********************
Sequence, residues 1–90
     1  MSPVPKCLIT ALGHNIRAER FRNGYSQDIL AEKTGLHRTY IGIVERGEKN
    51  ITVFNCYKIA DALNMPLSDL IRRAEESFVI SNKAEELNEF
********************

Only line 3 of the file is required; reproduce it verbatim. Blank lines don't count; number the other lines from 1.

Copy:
    51  ITVFNCYKIA DALNMPLSDL IRRAEESFVI SNKAEELNEF